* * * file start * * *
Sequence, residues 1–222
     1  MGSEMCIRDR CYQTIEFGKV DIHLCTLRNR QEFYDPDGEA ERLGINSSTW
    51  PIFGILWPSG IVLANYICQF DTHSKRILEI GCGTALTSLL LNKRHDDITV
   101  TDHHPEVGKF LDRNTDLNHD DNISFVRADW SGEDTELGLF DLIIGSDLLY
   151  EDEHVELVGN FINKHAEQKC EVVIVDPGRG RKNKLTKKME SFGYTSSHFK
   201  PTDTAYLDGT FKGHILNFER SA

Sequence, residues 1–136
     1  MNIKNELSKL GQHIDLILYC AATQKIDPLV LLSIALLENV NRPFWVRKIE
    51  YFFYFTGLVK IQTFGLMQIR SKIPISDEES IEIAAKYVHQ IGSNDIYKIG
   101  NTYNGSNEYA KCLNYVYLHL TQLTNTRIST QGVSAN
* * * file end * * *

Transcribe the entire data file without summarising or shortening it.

Sequence, residues 1–222
     1  MGSEMCIRDR CYQTIEFGKV DIHLCTLRNR QEFYDPDGEA ERLGINSSTW
    51  PIFGILWPSG IVLANYICQF DTHSKRILEI GCGTALTSLL LNKRHDDITV
   101  TDHHPEVGKF LDRNTDLNHD DNISFVRADW SGEDTELGLF DLIIGSDLLY
   151  EDEHVELVGN FINKHAEQKC EVVIVDPGRG RKNKLTKKME SFGYTSSHFK
   201  PTDTAYLDGT FKGHILNFER SA

Sequence, residues 1–136
     1  MNIKNELSKL GQHIDLILYC AATQKIDPLV LLSIALLENV NRPFWVRKIE
    51  YFFYFTGLVK IQTFGLMQIR SKIPISDEES IEIAAKYVHQ IGSNDIYKIG
   101  NTYNGSNEYA KCLNYVYLHL TQLTNTRIST QGVSAN